Conceptualizing the African American Mathematics Teacher as a Key Figure in the African American Education Historical Narrative
by Lawrence M. Clark, Toya Jones Frank & Julius Davis — 2013
Background/Context: Historians and researchers have documented and explored the work and role of African American teachers in the U.S. educational system, yet there has been limited attention to the specific work, role, and experiences of African American mathematics teachers. To meaningfully and responsibly conceptualize the role of African American mathematics teachers and better understand their work in U.S. schools, analytic approaches are needed to help us understand cases of African American mathematics teachers as representations of a complex and ever-evolving series of intertwined contexts, forces, and events that include critical events along historical timelines (i.e., U.S. educational system, mathematics education, technological innovation and development, African American teaching force).
Purpose/Objective: The purpose of this article is to challenge readers to consider the African American mathematics teacher as a conceptual entity that embodies characteristics, practices, and dispositions that are potentially meaningful for students, particularly African American students, in ways that support students’ capacity to participate and perform within the racialized contexts of mathematics education, the broader schooling experience, and broader society.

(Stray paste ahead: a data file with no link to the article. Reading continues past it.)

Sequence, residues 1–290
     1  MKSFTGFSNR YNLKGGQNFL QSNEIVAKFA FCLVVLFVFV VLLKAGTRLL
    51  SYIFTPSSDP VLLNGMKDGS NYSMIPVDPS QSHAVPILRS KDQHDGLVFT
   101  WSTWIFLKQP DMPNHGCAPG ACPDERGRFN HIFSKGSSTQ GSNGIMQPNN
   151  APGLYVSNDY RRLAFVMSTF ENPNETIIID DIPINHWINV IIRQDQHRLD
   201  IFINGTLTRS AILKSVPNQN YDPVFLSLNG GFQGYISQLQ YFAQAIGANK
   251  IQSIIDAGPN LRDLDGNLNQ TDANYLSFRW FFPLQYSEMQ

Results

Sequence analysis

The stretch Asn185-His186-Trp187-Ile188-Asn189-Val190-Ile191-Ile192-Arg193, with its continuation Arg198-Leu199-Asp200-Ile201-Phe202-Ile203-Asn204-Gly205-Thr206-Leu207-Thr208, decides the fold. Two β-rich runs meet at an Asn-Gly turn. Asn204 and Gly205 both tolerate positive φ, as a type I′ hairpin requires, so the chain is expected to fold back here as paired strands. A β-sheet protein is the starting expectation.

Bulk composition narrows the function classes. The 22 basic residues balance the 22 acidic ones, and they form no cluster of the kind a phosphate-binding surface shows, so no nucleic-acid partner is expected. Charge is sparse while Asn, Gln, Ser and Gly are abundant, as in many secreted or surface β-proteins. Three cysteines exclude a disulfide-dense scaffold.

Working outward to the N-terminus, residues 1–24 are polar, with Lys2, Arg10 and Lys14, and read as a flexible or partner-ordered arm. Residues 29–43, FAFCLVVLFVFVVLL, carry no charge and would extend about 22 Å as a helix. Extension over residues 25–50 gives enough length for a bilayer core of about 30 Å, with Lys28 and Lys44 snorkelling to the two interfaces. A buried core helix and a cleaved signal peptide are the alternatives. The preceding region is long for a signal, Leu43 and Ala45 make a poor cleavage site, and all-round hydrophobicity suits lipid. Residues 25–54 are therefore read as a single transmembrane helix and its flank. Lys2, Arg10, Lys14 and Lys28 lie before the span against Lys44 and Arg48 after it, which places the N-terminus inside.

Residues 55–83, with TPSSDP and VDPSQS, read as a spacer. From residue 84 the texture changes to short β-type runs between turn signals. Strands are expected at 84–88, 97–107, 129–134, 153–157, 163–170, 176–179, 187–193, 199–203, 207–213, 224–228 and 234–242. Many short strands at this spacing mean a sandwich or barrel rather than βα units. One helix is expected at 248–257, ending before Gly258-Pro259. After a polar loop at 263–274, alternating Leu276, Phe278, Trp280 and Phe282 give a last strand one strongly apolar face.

Design: Structured as an analytic essay, this article provides a rationale and potential directions of inquiry for historians and researchers open to explorations of relationships between race, mathematics education, teacher identity, and teacher practice.
Conclusions/Recommendations: We make two assertions about the African American mathematics teacher that help to conceptualize his or her role as a theoretical construct. First, the African American mathematics teacher is a boundary spanner with membership in multiple communities—a mathematically proficient and intellectually powerful African American person within a historically disempowered African American community with a history of inaccessibility to and underperformance in mathematics. Second, through various implicit and explicit means and micro-interactions, the African American mathematics teacher has the potential to engage in liberatory mathematics pedagogy, a pedagogy that serves to dismantle racialized hierarchies of mathematics ability. We encourage mathematics education researchers to interrogate, challenge, critique, and build on conceptualizations of the African American mathematics teacher as an entity that represents a unique confluence of experiences, perspectives, dispositions, and knowledge domains critical to the education of students. In doing so, it is our hope that theories of student learning, participation, and performance will more willingly embrace, acknowledge, and incorporate the inescapable dynamics of race, class, student identity, and teacher identity.
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